Let’s Get it Right

Yesterday I sat down in reflective prayer with my new agenda book and began writing down my resolutions for the year. I began with categories: professional, physical, relational, and spiritual. An hour later, satisfied, I finished my list, confident in the list of things I wanted to accomplished. When I looked back over what I had written, I realized my extensive goals and steps for reaching them looked a little like this:


For real. My goals were to fix every little thing I don’t currently like about myself (spoiler alert: that list isn’t very short).

I was a little shocked, to be honest. This year has been a fight with the good ole’ Lord as he has pried every single finger of mine off the grand idea of Perfection. I thought we were mostly over it. I put up a good fight with all I had in me, but He won all three knock down drag out rounds, like He tends to do. But there it was again, disguised under the premise of yearly tradition. I stared right at it and saw that my deepest desire isn’t to know God better, to be a good wife, to even eradicate poverty. My deep dark desire is much less noble—I just wanna have it all together because somehow I think I’ll then be immune to sadness and discontent.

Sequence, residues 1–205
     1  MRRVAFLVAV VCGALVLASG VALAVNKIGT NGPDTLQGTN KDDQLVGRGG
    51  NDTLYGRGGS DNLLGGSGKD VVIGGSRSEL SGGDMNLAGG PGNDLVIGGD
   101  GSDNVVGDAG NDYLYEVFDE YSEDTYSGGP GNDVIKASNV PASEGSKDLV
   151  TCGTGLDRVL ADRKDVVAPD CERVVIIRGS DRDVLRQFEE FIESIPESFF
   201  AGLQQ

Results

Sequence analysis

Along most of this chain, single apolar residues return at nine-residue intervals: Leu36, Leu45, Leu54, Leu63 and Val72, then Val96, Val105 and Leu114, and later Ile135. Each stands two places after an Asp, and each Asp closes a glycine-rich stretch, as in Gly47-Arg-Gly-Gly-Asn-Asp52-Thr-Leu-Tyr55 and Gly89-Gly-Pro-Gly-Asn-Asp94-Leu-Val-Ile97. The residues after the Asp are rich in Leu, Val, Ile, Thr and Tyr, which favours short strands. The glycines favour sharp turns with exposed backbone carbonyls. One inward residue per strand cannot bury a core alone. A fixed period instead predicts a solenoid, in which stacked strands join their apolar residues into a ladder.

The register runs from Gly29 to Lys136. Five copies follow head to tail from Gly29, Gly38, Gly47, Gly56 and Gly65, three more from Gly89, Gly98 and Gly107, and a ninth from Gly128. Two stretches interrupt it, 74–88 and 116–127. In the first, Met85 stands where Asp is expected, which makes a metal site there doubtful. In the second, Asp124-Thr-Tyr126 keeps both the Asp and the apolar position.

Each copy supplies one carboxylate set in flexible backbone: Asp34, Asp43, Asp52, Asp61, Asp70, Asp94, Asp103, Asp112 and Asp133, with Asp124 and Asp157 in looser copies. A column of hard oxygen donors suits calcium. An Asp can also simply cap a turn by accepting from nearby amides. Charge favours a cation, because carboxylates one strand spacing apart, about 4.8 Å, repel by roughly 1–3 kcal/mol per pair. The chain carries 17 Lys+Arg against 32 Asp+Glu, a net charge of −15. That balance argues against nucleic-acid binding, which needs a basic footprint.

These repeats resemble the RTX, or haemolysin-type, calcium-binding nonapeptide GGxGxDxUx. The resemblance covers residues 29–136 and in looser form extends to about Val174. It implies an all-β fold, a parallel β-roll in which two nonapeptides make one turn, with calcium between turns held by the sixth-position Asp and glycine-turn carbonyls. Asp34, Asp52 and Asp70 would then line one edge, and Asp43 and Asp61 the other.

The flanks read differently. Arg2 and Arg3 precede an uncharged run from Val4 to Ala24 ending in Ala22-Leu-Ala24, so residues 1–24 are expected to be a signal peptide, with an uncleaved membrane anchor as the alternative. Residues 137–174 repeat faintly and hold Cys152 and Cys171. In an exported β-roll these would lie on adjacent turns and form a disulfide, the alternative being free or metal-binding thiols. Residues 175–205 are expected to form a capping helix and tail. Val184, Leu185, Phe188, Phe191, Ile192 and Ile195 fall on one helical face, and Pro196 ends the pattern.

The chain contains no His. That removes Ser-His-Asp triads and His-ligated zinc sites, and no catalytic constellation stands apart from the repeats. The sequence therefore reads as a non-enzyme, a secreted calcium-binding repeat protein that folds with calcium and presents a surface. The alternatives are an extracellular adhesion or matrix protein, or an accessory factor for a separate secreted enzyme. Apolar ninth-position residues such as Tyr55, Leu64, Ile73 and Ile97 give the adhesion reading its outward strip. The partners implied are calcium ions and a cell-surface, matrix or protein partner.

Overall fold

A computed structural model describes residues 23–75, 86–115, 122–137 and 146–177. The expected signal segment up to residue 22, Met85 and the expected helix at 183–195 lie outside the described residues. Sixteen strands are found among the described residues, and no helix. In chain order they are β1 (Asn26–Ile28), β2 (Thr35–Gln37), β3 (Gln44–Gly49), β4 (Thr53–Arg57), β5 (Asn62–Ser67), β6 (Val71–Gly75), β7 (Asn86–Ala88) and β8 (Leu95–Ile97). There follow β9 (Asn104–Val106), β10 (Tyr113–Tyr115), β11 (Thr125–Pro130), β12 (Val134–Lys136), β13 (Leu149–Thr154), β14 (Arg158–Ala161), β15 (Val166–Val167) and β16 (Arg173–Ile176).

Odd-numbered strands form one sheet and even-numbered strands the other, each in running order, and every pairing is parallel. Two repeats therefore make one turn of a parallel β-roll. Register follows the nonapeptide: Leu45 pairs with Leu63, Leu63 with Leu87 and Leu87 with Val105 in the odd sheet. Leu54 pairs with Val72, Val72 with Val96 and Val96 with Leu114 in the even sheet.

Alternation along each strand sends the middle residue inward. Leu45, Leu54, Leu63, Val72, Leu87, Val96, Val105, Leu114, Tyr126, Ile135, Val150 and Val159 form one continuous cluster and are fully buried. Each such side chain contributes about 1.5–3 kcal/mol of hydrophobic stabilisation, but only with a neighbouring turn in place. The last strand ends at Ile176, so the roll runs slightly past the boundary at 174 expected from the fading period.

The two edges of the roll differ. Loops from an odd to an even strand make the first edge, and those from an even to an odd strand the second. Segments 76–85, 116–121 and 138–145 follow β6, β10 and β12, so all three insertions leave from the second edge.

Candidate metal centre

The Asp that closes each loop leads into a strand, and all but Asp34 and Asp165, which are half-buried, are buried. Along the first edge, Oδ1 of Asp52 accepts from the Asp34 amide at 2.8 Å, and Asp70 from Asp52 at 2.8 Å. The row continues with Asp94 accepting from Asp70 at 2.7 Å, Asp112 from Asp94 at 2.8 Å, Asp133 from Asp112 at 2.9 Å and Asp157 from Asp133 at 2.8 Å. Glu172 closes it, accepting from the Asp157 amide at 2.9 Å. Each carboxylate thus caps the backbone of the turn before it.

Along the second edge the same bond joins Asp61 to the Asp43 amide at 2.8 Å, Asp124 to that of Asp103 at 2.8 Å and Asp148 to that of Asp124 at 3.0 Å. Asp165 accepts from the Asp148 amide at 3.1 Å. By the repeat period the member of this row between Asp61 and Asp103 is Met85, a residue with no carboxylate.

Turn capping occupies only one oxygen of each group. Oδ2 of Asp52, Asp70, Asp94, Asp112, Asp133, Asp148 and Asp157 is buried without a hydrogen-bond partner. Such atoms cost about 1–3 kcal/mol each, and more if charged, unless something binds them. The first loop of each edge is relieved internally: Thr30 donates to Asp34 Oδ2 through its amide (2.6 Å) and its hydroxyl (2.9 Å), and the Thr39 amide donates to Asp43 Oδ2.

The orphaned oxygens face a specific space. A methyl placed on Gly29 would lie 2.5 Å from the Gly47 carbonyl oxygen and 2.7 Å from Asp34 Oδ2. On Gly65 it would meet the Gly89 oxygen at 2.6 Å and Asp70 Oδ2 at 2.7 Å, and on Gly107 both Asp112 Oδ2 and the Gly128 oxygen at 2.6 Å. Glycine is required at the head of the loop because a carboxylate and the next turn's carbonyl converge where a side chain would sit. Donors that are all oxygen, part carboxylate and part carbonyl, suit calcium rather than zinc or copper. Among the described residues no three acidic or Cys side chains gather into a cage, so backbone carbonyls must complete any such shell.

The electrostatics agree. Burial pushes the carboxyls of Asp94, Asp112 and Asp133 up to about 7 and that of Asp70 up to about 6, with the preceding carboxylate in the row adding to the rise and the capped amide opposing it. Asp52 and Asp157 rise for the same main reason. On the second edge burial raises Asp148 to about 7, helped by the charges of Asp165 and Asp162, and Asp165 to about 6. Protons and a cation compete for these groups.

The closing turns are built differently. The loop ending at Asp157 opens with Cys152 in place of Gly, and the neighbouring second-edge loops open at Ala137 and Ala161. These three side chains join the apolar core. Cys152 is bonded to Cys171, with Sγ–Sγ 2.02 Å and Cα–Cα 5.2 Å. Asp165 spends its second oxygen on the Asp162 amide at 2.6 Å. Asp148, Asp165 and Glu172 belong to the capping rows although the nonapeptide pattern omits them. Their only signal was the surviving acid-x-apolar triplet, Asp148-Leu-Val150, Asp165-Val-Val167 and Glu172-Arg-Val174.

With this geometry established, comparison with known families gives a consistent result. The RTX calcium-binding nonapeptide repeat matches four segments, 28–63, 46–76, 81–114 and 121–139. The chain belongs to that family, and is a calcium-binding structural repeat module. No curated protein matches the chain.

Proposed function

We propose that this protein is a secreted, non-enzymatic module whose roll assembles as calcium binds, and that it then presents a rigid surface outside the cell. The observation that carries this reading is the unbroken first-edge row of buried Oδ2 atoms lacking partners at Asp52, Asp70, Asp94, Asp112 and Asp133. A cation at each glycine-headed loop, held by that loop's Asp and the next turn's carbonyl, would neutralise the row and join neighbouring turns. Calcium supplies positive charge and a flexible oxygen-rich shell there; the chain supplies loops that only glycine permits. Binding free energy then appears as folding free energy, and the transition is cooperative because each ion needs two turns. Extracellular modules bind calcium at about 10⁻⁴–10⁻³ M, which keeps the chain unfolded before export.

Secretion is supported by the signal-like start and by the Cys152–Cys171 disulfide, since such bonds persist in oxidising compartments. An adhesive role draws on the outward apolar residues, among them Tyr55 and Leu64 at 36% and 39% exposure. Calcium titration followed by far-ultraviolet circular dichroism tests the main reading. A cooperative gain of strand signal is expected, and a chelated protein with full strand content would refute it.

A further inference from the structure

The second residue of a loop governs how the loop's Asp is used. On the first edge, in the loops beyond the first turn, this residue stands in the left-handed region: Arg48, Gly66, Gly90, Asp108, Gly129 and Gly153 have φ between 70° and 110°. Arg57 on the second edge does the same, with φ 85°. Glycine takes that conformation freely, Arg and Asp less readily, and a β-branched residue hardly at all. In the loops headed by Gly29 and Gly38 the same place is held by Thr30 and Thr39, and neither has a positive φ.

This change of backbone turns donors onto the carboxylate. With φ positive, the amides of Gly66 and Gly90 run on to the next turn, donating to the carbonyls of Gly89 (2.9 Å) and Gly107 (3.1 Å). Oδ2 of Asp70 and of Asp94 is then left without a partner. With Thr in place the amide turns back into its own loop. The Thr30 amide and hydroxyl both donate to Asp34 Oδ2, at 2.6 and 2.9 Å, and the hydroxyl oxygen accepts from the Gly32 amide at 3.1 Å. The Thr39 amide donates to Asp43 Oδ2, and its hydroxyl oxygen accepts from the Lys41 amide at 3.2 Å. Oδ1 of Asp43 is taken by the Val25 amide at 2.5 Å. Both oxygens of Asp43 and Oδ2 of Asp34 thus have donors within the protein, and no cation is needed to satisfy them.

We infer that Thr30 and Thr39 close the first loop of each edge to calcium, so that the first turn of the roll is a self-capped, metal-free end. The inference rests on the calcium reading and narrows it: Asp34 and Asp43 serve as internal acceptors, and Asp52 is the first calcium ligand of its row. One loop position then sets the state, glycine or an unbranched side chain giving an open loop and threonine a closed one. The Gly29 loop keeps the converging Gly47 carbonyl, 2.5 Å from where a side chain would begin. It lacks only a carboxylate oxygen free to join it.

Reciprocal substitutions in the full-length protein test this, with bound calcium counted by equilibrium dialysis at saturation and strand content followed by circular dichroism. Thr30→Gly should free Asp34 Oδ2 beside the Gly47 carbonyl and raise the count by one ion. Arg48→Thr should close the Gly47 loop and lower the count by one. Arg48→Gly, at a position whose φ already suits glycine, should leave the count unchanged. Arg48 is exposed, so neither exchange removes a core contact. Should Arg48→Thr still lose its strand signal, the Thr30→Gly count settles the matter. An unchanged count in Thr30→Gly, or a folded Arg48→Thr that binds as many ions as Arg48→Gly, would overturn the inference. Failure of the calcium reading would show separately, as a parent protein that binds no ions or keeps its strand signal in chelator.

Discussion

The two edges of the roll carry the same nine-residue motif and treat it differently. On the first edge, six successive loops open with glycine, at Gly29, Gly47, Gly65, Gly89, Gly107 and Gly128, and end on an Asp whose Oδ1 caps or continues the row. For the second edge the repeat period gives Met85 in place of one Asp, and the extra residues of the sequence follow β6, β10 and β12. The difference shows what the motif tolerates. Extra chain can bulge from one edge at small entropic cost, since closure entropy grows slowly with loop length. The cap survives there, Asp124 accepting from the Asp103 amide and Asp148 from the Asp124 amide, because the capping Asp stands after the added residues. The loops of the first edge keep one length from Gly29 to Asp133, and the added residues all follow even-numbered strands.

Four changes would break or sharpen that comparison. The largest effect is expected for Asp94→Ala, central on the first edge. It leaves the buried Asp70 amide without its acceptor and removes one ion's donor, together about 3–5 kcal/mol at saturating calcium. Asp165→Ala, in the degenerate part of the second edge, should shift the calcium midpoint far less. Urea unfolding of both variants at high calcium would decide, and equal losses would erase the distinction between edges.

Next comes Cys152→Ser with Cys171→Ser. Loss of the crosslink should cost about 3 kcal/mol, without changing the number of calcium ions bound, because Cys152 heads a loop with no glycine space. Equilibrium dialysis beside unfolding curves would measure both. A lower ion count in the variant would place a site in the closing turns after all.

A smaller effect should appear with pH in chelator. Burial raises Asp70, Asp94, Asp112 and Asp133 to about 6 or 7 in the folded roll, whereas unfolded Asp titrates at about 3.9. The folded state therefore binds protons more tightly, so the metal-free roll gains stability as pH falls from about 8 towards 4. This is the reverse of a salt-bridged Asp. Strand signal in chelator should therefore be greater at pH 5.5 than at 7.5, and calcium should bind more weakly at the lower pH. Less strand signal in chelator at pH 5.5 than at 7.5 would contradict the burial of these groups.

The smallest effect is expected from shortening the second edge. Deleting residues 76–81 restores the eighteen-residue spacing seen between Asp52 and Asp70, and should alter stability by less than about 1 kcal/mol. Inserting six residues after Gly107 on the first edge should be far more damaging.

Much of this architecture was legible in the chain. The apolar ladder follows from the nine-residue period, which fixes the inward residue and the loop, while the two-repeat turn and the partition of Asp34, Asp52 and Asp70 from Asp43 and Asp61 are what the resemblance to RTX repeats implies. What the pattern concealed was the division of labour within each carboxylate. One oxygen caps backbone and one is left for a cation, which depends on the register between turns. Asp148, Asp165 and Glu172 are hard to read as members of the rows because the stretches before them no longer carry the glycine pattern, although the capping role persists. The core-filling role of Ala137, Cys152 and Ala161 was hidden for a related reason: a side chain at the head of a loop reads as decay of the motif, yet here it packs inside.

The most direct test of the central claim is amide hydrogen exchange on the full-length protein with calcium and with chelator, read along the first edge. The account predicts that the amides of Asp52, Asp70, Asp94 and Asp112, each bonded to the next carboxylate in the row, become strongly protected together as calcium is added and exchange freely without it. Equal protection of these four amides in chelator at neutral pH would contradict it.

Today, I opened my SheReadsTruth app to find this:

“This year, instead of resolving to finally get it right, let’s resolve to walk with Him as He makes it right.

Instead of determining to get better, let’s determine to get closer to Him through His word.

Instead of making a list of all that we will do on our own, let’s notice all that He is already doing.”

Um, yeah, that sounds much better than my plans. The beauty of Jesus is that HE CAME TO DO THE WORK. So, yeah, I want to get things done this year. I want to lose the weight, write the book, get it right. But that’s not my focus. Instead, I’m resolving to walk with Him as He makes it right.

(And, yup, you better believe that quote is written in my shiny new planner.)


One thought on “Let’s Get it Right

  1. My New Years resolutions have devolved into something like that old commercial from the Ticket: “Trying hard to suck less every day.” Perfection isn’t the right goal; incremental improvement is.

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